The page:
Toward Broader Measures of the Costs and Risks of Development Banks: The Case of the KDB
Time：4:00pm - 5:30pm, June 14, 2019
Venue：Room 359S, Overseas Exchange Center, Peking University
Speaker：Deborah J. Lucas
(Sloan Distinguished Professor of Finance at the MIT Sloan School of Management and Director of the MIT Golub Center for Finance and Policy )
Development banks play a large and in some places growing role in global capital markets. Notably, China, together with more than 60 partner countries, in 2014 launched the new Asian Infrastructure Investment Bank (AIIB) to help fund Asian infrastructure projects, which are projected to total $8 trillion between 2010 and 2020. The AIIB joins the ranks of more than 60 multilateral and single-country development banks (DBs)—state-owned financial institutions that provide financing for a substantial share of infrastructure and other investment projects globally. In this analysis we develop a methodology to evaluate the subsidy costs and risks associated with development banks, and demonstrate its application using the example of the Korea Development Bank (KDB). To evaluate whether or not a DB is creating value, overall or at the level of its individual investments, such subsidy estimates and risk assessments are critical. Nevertheless, the debate about DBs has been carried out largely in the absence of consistent and comprehensive subsidy measurement, including within the DBs themselves.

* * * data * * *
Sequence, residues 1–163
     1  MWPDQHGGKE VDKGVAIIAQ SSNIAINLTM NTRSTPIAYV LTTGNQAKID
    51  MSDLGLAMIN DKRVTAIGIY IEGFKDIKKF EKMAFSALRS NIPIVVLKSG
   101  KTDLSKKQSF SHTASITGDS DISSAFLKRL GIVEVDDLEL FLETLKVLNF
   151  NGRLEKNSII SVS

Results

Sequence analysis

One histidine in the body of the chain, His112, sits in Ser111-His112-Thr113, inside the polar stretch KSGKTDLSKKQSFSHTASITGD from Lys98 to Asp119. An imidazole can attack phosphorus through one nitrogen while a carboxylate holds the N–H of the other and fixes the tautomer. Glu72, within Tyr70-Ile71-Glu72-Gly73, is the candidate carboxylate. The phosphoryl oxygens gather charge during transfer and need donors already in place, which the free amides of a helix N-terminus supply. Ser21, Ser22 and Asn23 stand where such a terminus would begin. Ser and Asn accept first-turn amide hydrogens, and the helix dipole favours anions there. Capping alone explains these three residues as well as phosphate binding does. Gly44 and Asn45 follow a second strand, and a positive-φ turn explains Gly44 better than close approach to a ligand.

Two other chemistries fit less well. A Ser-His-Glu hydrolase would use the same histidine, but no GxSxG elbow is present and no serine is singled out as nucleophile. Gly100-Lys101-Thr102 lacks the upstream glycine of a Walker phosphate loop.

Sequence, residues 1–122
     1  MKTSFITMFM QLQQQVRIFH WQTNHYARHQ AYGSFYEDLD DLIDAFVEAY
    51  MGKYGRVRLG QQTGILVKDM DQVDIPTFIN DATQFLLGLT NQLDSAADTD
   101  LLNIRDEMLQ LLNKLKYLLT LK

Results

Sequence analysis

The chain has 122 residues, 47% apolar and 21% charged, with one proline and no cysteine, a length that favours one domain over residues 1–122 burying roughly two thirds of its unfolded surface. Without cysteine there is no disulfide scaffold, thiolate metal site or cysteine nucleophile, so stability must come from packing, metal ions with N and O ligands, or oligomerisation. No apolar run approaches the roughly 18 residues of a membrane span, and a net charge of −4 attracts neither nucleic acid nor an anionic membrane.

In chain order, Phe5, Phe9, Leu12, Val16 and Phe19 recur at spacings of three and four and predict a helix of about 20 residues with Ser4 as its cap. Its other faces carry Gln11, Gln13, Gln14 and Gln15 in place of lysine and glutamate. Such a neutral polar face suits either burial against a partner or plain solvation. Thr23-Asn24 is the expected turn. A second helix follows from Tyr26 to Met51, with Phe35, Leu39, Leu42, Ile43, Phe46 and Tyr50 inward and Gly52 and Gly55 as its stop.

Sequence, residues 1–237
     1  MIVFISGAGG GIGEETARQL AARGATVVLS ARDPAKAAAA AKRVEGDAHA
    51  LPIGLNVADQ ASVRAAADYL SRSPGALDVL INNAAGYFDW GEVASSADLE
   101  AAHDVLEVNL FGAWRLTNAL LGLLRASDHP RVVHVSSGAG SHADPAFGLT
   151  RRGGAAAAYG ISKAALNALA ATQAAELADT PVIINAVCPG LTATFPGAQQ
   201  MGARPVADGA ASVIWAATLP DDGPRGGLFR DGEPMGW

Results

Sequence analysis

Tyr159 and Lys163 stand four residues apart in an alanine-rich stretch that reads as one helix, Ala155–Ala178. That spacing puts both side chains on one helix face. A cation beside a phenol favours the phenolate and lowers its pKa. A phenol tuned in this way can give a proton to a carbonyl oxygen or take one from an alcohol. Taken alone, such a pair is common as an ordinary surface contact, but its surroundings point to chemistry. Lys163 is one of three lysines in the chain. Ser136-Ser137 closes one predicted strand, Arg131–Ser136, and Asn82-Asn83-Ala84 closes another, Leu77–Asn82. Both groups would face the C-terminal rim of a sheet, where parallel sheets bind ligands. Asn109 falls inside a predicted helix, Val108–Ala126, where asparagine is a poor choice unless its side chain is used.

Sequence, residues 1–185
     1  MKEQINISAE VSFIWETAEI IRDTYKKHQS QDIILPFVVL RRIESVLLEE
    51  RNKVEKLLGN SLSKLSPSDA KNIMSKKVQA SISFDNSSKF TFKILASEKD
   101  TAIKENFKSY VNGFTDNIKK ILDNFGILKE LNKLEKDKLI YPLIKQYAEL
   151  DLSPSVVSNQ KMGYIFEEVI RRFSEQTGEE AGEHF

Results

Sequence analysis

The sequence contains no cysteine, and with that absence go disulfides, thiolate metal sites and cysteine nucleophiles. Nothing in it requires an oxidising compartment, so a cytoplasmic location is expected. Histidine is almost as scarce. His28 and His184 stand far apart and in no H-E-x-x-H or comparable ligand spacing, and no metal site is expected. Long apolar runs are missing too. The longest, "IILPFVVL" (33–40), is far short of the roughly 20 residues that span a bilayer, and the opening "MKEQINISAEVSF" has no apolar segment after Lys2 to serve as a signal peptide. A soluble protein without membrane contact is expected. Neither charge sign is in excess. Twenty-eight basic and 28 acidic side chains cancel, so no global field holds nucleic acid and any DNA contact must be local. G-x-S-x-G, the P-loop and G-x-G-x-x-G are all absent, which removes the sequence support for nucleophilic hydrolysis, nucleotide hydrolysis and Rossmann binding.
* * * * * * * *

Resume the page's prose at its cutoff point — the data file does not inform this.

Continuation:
Dr. Lucas is the Sloan Distinguished Professor of Finance at the MIT Sloan School of Management and Director of the MIT Golub Center for Finance and Policy. Her current research focuses on developing and applying financial economics to evaluate the costs and risks of governments’ financial activities. She is also widely published in the fields of asset pricing and corporate finance. Lucas is a Research Associate at the National Bureau of Economic Research, a term professor at the PBC School of Finance at Tsinghua University and a member of the Shadow Open Market Committee. She serves on advisory boards for the Federal Reserve Bank of New York, the Urban Institute, and the Census Bureau, on the editorial board of the Annual Review of Financial Economics, and as an associate editor and for the American Economic Journal Policy. She is a board member of the Chicago Mercantile Exchange, and consultant for the OECD. She is an elected member of the National Academy of Public Administration and the National Academy of Social Insurance. Previous appointments include chief economist, and subsequently assistant and associate director at the U.S. Congressional Budget Office, member Social Security Technical Advisory Panel, senior staff economist for U.S. Council of Economic Advisers, Professor at the Kellogg School of Management at Northwestern University and co-editor of the JMCB. An expert on federal credit programs, she has testified before the U.S. Congress on Fannie Mae and Freddie Mac, student loans, and strategically important financial institutions. She received her BA, MA, and a PhD in economics from the University of Chicago.